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Key Terms

The following are key terms and definitions of important concepts to understanding and engaging with the AARP Livability Index.


Accessibility refers to community services, features, and amenities that take into account varying levels of physical mobility


Affordability refers to features, services and amenities that are suitable for people at different levels of income.

Age-Friendly Communities

An age-friendly community supports and meets the needs of people of all ages.

The AARP Network of Age-Friendly States and Communities serves as a catalyst to educate local leaders (both elected officials and engaged residents) and encourage them to implement the types of changes that make communities more livable, especially older adults.

Learn More and Join the Network


Attributes refer to qualities or features regarded as a characteristic of a livable community. Examples of this include affordability, accessibility, safety, convenience, inclusion, prevention, quality, resilience and involvement.


Categories refer to general topic areas that define the type of characteristics found within a community. AARP selected 7 livability categories that are critical to evaluating a community. They are: housing, neighborhood, transportation, environment, health, engagement, and opportunity. These categories are scored on a scale of 0-100 and each receive weight.

Learn more about the 7 AARP Livability Index Categories and understand how they impact the overall score.

Commitment To Livability

“Commitment to livability” is a cross-cutting policy that refers to membership in the Network of Age Friendly States and Communities. This policy appears under each category, contributing one point to the total score.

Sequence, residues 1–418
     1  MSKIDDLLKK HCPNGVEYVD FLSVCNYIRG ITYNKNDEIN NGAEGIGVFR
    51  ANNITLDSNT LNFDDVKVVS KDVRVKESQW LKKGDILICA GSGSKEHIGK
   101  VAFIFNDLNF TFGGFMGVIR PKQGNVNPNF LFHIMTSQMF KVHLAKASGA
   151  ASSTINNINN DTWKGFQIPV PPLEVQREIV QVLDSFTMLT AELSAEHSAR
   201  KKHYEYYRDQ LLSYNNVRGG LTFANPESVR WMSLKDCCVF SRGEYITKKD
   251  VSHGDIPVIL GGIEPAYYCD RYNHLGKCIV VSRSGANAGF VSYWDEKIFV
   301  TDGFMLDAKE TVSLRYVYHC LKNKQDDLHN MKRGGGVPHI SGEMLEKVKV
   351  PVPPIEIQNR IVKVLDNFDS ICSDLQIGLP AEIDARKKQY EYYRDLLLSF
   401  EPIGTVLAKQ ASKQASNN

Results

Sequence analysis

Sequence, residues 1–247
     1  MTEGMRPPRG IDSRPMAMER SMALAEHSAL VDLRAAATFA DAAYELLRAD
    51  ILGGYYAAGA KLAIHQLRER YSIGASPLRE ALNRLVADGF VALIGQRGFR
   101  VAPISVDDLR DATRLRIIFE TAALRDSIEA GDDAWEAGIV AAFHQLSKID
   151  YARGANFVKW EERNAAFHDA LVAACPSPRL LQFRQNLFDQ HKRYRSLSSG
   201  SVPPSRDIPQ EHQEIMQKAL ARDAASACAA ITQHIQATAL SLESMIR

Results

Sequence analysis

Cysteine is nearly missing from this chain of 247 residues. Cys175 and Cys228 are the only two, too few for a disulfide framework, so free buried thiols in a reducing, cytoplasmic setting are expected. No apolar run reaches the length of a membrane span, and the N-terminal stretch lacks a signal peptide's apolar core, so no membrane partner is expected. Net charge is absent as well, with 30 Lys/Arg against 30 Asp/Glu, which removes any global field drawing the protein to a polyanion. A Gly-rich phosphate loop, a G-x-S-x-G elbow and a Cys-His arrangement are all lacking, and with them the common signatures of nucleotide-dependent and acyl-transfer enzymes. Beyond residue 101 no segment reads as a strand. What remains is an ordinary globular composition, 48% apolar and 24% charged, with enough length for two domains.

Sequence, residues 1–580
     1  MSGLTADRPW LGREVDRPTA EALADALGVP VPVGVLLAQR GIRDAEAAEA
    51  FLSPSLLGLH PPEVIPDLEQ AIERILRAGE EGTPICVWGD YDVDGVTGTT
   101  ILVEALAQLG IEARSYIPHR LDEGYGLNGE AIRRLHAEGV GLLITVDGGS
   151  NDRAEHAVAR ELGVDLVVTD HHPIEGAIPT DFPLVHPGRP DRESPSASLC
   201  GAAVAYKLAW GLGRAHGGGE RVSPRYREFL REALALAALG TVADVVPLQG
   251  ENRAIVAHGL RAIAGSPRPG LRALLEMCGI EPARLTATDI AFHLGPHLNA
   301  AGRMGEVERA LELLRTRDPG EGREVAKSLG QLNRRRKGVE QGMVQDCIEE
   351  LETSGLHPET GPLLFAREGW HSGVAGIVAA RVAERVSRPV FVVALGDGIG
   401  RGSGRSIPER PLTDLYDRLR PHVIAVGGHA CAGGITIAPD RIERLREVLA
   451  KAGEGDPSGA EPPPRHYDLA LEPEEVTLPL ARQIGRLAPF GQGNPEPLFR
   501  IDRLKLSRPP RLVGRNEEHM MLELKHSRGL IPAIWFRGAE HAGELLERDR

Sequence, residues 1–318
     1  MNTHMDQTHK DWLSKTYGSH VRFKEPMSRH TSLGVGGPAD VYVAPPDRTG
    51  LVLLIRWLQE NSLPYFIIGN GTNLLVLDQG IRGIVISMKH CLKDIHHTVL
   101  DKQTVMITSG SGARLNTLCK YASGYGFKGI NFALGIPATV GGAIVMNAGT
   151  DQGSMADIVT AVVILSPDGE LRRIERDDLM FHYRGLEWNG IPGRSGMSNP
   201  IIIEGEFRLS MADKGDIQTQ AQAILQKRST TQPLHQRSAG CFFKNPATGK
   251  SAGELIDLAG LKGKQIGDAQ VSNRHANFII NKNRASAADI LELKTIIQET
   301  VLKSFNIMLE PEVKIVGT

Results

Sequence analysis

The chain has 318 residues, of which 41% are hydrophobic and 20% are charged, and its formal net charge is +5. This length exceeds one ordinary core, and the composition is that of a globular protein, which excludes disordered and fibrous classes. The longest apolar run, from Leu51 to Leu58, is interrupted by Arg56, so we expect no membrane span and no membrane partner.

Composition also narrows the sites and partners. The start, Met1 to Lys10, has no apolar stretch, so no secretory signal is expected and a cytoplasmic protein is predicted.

A community refers to a town, city or larger collective of smaller neighborhoods.


The General Transit Feed Specification (GTFS) is the de facto data standard for public transit passenger information. The GTFS allows transportation service providers to share their geographic, schedule, fare and other data with traveler-facing applications, such as Google Maps, to aid customers with trip planning.

Imputed Data

Imputed data is an estimated value where actual data for that location is unavailable.

AARP imputes missing data by assigning estimated values in two ways:

  • We may use the national average, which results in a neutral performance on an indicator.
  • We may assign the state or rural average if that appears to be more accurate than the national average.


There is no one definition of livability—it means different things to different people. Communities that are truly livable offer diverse features that appeal to people of all ages, incomes, and abilities.

AARP determines livability by evaluating how a community supports its members in seven critical categories: housing, neighborhood, transportation, environment, health, engagement, and opportunity.

Take a deeper dive into Livability


Metrics measure how livable communities are in the present. Each livability category contains 4-9 metrics and data is collected and analyzed from local, state, federal, and private sources.

Discover the metrics AARP uses for the AARP Livability Index and understand how they impact the overall score.

Missing Middle Housing

Missing middle housing describes a range of multifamily housing types that are compatible in scale with detached single-family homes (e.g., duplex, fourplex, townhouse).


A neighborhood refers to a census block group. Scores are built from the neighborhood level (census block group) up, a community is scored on the collective neighborhood scores within their boundaries.


Policies measure actions that communities can take now to improve livability over time. Each livability category contains 1-5 policies and policy data is publicly available and covers the entire US.

Discover the policies AARP uses for the AARP Livability Index and understand how they impact the overall score.